Russia, Iran, Other Assad Allies and Enemies Cash In on Success in Syria, But U.S. Left Out

Syria is hosting its first international trade fair in five years, a sign of increased stability in the embattled nation’s capital and a statement of victory from the government, which has been embroiled in a war with armed opposition groups and jihadists since 2011.

Despite ongoing violence between the Syrian army and insurgents in the city’s suburbs, the 59th Damascus International Fair was set to commence Thursday, claiming to host representatives of 23 nations and companies from 20 more. Syrian Prime Minister Imad Khamis, who was appointed last year by President Bashar al-Assad, said the event marked a major turning point for the country and that nations such as Russia and Iran, which supported Assad and his army throughout the war, would be given priority in securing trade deals to invest in Syria, according to state-run Syrian Arab News Agency (SANA).

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“We must be partners of the Syrian Arab Army in victory and establishing the best future for our people and future generations,” Khamis said Wednesday in a press statement, according to SANA. “For this, we have made a commitment to introduce an exceptional international exhibition worthy of our country, history, culture and love for life and peace."

GettyImages-829176276 Preparations for the Damascus International Fair in the countryside of the Syrian capital, on August 10. The fair will reportedly host 43 nations directly or indirectly and is the first such event to take place in five years in the war-torn country. LOUAI BESHARA/AFP/Getty Images

The list of nations involved either directly or through businesses included traditionally pro-opposition countries such as France, Germany and Spain in the West as well as Bahrain, Jordan and the United Arab Emirates in the Middle East, but made no mention of the U.S. Washington, along with a number of governments reportedly represented at the fair, have accused Assad and his government of perpetrating human rights abuses and potential war crimes. As a result, Syria has been the subject of numerous economic sanctions, but a number of international actors have either continued to strike deals with the Syrian government or have renewed relations as its prospects improved in the conflict.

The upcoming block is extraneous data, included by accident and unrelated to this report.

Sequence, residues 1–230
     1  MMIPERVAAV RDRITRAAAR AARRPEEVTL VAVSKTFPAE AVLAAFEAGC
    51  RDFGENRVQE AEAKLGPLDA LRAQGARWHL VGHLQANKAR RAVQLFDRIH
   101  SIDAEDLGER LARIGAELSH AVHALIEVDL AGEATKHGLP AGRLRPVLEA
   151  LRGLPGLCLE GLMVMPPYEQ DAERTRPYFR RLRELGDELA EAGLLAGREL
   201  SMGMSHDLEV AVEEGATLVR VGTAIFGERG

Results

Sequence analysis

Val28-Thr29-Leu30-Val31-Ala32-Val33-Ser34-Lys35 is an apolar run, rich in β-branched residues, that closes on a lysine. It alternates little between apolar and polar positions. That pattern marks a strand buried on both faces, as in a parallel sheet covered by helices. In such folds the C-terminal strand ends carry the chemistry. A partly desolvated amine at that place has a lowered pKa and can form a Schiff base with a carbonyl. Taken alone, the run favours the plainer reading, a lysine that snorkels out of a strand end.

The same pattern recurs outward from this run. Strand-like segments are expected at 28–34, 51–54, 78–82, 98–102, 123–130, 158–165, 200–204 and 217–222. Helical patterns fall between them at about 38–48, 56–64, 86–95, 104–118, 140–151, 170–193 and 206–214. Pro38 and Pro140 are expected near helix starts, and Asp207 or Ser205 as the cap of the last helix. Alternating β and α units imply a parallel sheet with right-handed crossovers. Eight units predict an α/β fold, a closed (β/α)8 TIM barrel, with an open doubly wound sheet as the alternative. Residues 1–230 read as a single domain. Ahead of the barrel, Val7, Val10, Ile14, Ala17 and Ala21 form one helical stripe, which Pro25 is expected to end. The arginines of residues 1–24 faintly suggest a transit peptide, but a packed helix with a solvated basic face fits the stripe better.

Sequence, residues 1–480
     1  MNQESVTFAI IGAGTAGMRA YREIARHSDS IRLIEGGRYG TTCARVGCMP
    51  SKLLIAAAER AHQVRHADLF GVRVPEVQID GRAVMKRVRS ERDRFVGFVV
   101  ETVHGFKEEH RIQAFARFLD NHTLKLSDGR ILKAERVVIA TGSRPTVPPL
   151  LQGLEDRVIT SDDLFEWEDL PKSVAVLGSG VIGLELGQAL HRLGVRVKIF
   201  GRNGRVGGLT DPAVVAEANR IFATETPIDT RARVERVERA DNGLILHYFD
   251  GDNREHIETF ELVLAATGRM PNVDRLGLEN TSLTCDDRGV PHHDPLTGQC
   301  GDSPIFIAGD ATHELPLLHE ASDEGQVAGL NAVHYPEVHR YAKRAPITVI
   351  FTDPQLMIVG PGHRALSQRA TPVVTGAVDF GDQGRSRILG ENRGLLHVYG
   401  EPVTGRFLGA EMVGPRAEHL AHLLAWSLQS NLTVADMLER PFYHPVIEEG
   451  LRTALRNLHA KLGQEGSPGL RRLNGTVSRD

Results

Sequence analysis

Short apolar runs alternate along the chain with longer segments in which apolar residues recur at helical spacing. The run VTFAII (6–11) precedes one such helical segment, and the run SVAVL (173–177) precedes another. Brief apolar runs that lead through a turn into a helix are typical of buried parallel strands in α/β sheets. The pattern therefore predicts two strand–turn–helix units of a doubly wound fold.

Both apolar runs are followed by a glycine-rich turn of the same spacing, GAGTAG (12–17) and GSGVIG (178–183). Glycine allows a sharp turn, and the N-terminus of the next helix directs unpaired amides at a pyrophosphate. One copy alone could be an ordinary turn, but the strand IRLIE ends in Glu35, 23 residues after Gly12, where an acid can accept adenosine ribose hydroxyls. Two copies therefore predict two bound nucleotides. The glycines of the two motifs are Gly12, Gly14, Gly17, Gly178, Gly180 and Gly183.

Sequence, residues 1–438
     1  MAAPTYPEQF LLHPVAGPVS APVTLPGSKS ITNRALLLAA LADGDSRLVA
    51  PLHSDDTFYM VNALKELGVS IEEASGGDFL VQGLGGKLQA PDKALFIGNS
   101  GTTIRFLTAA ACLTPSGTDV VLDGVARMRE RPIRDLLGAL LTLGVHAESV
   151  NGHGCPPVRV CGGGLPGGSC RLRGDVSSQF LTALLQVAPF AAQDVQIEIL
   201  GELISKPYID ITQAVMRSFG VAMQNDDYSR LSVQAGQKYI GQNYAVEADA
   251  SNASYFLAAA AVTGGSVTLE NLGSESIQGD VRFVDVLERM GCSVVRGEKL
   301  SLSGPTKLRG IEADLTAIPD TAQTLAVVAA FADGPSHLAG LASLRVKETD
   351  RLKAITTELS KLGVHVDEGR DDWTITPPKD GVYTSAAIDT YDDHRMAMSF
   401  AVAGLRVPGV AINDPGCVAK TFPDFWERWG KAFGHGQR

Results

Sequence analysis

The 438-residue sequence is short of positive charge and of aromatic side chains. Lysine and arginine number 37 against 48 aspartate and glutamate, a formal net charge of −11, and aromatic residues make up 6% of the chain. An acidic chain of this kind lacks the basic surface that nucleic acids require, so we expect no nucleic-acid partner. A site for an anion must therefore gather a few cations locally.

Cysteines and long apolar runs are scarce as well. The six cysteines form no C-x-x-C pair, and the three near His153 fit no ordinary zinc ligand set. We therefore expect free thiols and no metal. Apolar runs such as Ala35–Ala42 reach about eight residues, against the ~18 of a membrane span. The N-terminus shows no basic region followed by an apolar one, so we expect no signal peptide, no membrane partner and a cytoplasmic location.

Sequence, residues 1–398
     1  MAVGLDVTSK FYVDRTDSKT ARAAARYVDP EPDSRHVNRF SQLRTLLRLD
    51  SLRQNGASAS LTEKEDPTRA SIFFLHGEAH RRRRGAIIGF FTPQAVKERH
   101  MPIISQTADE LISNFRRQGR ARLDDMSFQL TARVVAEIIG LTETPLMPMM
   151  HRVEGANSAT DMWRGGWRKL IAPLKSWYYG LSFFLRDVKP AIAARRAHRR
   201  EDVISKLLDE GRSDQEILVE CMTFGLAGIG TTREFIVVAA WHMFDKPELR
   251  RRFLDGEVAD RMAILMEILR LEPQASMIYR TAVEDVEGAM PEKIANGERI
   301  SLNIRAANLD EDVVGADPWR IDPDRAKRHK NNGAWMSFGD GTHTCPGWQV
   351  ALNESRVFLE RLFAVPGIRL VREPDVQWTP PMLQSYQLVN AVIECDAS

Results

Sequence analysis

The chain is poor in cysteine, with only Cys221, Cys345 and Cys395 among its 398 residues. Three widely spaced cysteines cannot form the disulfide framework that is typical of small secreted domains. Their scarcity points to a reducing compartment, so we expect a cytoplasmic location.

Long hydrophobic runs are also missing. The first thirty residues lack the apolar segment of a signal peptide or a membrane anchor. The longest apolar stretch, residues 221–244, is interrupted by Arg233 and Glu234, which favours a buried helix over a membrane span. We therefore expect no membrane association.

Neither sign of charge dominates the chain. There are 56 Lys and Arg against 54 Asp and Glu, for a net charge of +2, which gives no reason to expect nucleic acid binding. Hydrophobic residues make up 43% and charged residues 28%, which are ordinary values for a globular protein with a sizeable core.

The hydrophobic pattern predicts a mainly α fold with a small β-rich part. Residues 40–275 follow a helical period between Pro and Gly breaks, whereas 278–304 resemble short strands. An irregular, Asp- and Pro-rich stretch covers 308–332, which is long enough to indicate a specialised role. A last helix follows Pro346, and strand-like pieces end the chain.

In addition to Russia and Iran, countries like Belarus, China, the Czech Republic, India and Japan have also invested in Syria in recent years, according to The Times. Talk of rebuilding Syria’s devastated infrastructure has increasingly surfaced as the country’s armed forces and their allies, including pro-government militias, retake territory nationwide from rebels and jihadists, especially the Islamic State militant group (ISIS). This year’s trade fair marks the first time since 1954 that visiting countries will be permitted to sell their products.

“Assad is trying to project confidence and a business-as-usual attitude,” Sami Nader, head of the Beirut-based Levant Institute for Strategic Affairs, told Bloomberg News. “The trade fair is sending a message that the new era of Syria’s reconstruction has begun and Assad is here to stay.”

GettyImages-829102438 Smoke billows following a reported airstrike by Syrian government forces in the rebel-held parts of the Jobar district, on the eastern outskirts of Damascus, on August 9. Parts of the Syrian capital remain under rebel control and continue to see fierce fighting between Syria’s armed forces and insurgents. AMMAR SULEIMAN/AFP/Getty Images

Coinciding with the fair’s opening, Khamis met with Lebanese Minister of Industry Hussein al-Hajj Hassan to discuss greater economic ties between the neighboring countries. The meeting also included Syrian Minister of Industry Ahmed Al-Hamo, Secretary General of the Syrian-Lebanese Higher Council Nassri Al-Khouri and Director of Relations in the Council Ahmad Al-Haj Hassan. After discussions, the Lebanese minister called the Damascus International Fair “evidence of Syria’s political, economic, military and security recovery,” according to Lebanon 24. The Syrian and Lebanese armies are both involved in operations to clear ISIS from their mutual border but receive backing from opposing international powers and maintain no formal alliance.

Despite heightened tensions between U.S.-backed forces in Syria and those supported by Russia and Iran in recent months, Washington and Moscow established a ceasefire between the Syrian military and rebels battling in the country’s southwest in July. The lull in fighting has allowed both pro-government forces and the U.S.-backed Syrian Democratic Forces, a mostly Kurdish coalition of Arabs and ethnic minorities, to concentrate on dismantling the remains of ISIS’s self-proclaimed caliphate. U.S. officials, however, have remained deeply critical of Assad even after pledging closer cooperation with Russia, and have called for his eventual removal from power.